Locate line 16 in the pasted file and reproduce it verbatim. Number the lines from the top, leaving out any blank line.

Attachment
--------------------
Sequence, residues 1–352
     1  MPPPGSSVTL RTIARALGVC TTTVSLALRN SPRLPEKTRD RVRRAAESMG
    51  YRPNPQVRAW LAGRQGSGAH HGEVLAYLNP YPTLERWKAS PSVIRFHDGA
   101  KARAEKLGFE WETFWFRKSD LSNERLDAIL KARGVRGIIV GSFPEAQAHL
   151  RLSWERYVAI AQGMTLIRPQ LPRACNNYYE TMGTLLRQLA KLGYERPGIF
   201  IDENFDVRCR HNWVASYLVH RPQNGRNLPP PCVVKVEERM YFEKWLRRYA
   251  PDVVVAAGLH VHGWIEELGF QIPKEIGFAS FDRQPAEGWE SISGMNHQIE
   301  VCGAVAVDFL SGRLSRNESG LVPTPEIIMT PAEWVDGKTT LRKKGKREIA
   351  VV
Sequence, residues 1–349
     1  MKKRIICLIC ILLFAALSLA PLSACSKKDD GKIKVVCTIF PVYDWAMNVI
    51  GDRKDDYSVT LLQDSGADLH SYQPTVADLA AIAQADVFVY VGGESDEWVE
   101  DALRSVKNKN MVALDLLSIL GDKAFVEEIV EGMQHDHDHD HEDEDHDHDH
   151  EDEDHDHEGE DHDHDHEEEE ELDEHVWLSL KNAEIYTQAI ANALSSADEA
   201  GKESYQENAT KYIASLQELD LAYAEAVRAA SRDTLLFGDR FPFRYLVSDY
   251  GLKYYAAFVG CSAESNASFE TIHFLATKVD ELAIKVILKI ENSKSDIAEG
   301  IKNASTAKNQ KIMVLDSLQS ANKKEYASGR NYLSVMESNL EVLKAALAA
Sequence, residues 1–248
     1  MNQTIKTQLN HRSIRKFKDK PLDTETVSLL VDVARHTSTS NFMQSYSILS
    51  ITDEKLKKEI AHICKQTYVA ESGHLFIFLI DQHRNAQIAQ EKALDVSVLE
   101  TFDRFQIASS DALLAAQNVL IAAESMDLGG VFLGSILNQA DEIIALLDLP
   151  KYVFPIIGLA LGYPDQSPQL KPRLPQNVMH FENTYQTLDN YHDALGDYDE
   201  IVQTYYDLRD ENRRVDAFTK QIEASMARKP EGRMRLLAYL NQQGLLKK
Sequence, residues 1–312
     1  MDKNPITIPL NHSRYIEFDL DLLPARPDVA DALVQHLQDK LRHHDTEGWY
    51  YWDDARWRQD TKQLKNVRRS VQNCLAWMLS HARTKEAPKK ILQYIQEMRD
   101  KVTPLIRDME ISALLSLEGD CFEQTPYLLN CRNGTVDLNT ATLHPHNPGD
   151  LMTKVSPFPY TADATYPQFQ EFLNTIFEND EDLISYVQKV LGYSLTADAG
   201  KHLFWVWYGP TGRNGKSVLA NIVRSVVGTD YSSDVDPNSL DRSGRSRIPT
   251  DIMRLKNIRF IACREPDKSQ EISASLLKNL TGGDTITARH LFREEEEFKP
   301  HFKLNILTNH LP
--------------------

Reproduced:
   251  GLKYYAAFVG CSAESNASFE TIHFLATKVD ELAIKVILKI ENSKSDIAEG